Government spending related to smoking and the abuse of alcohol and illegal drugs reached $468 billion in 2005, accounting for more than one-tenth of combined federal, state and local expenditures for all purposes, according to a new study.
Most abuse-related spending went toward direct health care costs for lung disease, cirrhosis and overdoses, for example, or for law enforcement expenses including incarceration, according to the report released Thursday by the National Center on Addiction and Substance Abuse, a private group at Columbia University. Just over 2 percent of the total went to prevention, treatment and addiction research. The study is the first to calculate abuse-related spending by all three levels of government.
"This is such a stunning misallocation of resources," said Joseph A. Califano Jr., chairman of the center, referring to the lack of preventive measures. "It's a commentary on the stigma attached to addictions and the failure of governments to make investments in the short run that would pay enormous dividends to taxpayers over time."
Beyond resulting in poor health and crime, addictions and substance abuse — especially alcohol — are major underlying factors in other costly social problems like homelessness, domestic violence and child abuse.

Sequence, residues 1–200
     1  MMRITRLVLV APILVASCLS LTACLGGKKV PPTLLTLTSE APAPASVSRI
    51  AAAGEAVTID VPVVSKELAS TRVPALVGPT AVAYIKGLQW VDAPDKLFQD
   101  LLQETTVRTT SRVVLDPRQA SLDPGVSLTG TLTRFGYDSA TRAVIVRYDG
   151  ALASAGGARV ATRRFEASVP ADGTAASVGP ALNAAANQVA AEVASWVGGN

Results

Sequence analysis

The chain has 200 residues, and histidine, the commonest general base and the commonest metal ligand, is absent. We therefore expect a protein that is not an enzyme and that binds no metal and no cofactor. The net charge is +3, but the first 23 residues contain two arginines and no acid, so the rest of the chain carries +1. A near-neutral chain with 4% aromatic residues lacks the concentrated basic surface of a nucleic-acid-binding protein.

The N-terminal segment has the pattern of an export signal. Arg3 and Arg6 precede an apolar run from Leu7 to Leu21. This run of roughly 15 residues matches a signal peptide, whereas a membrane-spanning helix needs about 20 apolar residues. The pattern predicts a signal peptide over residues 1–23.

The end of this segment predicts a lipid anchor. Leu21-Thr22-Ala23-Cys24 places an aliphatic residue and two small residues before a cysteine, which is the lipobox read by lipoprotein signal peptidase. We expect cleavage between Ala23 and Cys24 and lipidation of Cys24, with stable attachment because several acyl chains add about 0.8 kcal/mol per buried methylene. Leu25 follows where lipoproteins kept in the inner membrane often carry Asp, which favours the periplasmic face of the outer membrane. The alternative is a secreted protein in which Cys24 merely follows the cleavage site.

Shifting money from hospitals and prisons to addiction treatment and research has never been politically easy, and it is all the harder now because the federal government and most states face large budget deficits and are cutting many key services. But Califano said that many preventive measures had rapid payoffs in medical and other expenses.
The work of the center and of Califano, who was a secretary of health, education and welfare in the 1970s, have sometimes drawn fire from conservatives who put more emphasis on law enforcement than drug treatment and, on the other side, from groups who advocate loosening some drug laws and using needle exchanges and supervised addiction maintenance, as some European countries do, to reduce the personal and societal costs.
Ethan Nadelmann, director of the Drug Policy Alliance, a national group advocating legal reforms, said it was misleading for the report to lump together direct costs of tobacco, alcohol and drug abuse, like ill health, with expenses relating to enforcement of marijuana laws and prison. Many of the criminal justice costs, Nadelmann said, are not an inherent result of drug use but rather of policy choices to criminalize it.